Directions were issued to the residents of Delhi to bring parcels of the cotton of the Sembal (silk cotton tree). Quantities of this silk cotton were placed round the column, and when the earth at its base was removed, it fell gently over on the bed prepared for it. The cotton was then removed by degrees, and after some days the pillar lay safe upon the ground. A large square stone was found as a base of the pillar, which also was taken out. The pillar was then encased from top to bottom in reeds and raw skins. A carriage, with forty-two wheels, was constructed, and ropes were attached to each wheel. Thousands of men hauled at every rope, and after great labour and difficulty the pillar was raised on to the carriage. A strong rope was fastened to each wheel, and 200 men pulled at each of these ropes. By the simultaneous exertions of so many thousand men the carriage was moved, and was brought to the banks of the river Yamuna. The column was very ingeniously transferred to a number of large boats, and was then conducted to Firozabad, where it was landed and conveyed into the Mosque. (Shams-i Siraj Afif)

In detail: A large mud platform (pasheb) was built at the site where the pillar had to be lowered. Six wooden piers were constructed, each equal in height to the pillar. Two of these piers were placed behind the pillar, and two each on the left and the right. The piers were strengthened with iron nails and wrapped with raw hides and ropes. Each pier was further strengthened by means of two very thick and slanting wooden planks on each of their three sides. These wooden piers were then joined to each other at two places, in the middle and top by means of two large wooden beams, in the middle and at the top. On each of the beams a wheel was fixed whereon the ropes could pass. Such wheels were placed at five places: two on either side of the pillar and one at the back. In order to hold and move these ropes, five pulleys were also set up. The ends of the ropes were tightly bound round the pillar so that its upper portion may be firmly held by them. Ropes were so arranged that, when the top of the pillar was lowered, it rested on them. Then that particular rope was slowly relaxed and untied; the pillar pulled towards the front and the ropes at the pulleys relaxed bit by bit and the operation repeated until the head of the pillar fully rested on the platform in the front. The pillar, before it is taken down, was covered all round with long reeds and wrapped with raw hides. Large quantities of paddy straw was placed over the platform so that the stone may not receive any injury. When the pillar rested on the platform, mud to the depth of about a yard was removed from under the pillar and at that time, the ropes at the back pulleys were slowly relaxed. This was repeated until the pillar lied prone on the ground.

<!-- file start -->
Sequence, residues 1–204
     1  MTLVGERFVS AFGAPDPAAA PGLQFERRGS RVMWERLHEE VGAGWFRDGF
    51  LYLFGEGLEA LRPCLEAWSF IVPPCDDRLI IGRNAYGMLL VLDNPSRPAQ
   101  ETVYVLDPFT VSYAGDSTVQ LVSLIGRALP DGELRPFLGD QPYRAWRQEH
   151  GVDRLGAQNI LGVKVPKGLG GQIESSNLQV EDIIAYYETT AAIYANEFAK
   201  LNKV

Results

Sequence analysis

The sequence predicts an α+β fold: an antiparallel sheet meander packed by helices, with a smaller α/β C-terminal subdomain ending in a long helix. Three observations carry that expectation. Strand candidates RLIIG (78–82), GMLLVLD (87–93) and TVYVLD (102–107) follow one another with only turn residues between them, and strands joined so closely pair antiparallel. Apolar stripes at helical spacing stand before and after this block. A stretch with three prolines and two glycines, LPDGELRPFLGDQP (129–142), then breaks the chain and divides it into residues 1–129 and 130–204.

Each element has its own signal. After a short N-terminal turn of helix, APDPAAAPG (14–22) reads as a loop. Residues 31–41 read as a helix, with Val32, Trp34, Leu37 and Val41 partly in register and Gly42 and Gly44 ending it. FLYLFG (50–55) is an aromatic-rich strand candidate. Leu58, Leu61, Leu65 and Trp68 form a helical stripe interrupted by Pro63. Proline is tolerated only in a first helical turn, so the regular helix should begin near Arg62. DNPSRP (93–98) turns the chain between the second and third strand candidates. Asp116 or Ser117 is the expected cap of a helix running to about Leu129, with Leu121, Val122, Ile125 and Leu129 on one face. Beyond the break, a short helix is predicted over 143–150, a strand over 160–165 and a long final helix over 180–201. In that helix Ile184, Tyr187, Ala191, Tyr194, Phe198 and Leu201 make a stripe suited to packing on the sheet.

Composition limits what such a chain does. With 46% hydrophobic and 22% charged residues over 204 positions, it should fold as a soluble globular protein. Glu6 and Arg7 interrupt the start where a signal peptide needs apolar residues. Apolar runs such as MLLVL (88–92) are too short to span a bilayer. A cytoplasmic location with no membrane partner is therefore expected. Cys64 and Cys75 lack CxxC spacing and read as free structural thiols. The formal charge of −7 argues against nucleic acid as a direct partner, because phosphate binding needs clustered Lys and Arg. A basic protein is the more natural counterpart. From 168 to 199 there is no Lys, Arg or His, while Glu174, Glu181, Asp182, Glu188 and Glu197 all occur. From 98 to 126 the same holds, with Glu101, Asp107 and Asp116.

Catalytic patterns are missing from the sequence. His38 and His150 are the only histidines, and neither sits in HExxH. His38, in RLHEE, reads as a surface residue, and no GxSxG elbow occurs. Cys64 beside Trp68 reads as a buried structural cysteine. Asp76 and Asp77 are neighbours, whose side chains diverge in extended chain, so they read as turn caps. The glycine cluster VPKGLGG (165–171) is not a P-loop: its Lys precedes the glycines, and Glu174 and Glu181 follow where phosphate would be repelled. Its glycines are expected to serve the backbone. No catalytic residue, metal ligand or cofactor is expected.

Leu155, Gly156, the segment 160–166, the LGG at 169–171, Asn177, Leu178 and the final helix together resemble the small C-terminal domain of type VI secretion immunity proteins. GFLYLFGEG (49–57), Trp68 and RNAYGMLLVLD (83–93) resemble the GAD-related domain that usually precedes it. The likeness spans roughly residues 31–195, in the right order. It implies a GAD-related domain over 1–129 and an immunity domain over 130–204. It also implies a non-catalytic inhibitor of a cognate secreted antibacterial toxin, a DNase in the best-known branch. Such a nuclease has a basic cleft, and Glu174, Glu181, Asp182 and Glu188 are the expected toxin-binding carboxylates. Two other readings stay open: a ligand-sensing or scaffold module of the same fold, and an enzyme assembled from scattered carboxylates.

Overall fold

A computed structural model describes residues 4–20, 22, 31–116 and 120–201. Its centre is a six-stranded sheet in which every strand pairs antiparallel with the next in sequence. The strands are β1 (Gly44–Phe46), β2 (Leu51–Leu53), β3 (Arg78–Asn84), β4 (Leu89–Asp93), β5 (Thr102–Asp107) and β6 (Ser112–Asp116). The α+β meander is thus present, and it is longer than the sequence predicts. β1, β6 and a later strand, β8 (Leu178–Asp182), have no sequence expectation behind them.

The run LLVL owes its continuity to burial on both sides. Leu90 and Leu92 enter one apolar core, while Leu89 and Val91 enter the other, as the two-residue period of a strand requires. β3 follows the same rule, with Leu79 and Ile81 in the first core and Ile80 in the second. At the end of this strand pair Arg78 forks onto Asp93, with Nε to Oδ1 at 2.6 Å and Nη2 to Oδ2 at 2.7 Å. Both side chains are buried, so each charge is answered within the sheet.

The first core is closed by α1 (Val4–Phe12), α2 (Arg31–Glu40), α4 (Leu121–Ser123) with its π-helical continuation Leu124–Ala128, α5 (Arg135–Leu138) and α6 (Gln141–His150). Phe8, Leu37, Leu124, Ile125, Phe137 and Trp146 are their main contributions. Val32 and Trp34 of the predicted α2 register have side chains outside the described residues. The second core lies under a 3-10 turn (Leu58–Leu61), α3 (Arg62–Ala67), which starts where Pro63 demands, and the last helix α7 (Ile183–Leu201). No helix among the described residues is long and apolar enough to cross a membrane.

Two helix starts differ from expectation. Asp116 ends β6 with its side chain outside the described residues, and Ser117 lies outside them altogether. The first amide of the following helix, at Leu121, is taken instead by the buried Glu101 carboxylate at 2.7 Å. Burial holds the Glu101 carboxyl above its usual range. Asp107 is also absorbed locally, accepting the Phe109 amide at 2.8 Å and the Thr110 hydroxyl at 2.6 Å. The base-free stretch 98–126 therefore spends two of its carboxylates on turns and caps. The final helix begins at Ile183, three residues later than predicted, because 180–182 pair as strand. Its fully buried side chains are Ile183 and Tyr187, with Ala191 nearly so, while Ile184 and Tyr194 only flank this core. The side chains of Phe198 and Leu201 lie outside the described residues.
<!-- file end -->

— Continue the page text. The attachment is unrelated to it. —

A flat cart, equal in length of the pillar, was prepared with ten wheels. The pillar was lifted and correctly placed on the cart with help of ropes and pulleys. Ten large iron rings were attached to either side of the cart. At first the plan of the Sultan was this: Thick long ropes may then be tied to the rings at one end and to the necks of elephants at the other. Similarly three thick ropes may be tied to the front of the cart and passed on to the necks of bullocks; so that the cart may thus be dragged forward from three sides, by bullocks in front and by elephants on the right and left. But the elephants, could not move the cart; so the Sultan ordered the elephants to be removed and the pillar to be dragged by men. This was done. Great Khans and ordinary men all caught hold of the ropes to drag the cart forward. The cart now began to move. In this way the pillar was taken to the bank of the Yamuna where a large boat was ready. Using strong ropes and pulleys the pillar was transferred to the boat. On either side of the boat 10 strong wooden beams were tied, which helped in loading and floating the boat. All said, Bismillahi Majreha Wa Mursaha (in the name of God may the boat go and anchor), and the boatmen began to sail. The boat now reached the banks of Yamuna. The pillar was then off-loaded from the boat in the same way as it had been loaded on it. It was then placed back on the cart, and was taken to the Mosque of Firozabad.

Illustration from Sirat-i-Firuz Shahi
Figure 1: Removing wheels of the cart from one side and tying ropes and pulling up the pillar to place it in the boat
Figure 2: Arrival of boat with pillar at the bank of the Yamuna, tying ropes to the pillar to remove it from the boat and place it on the cart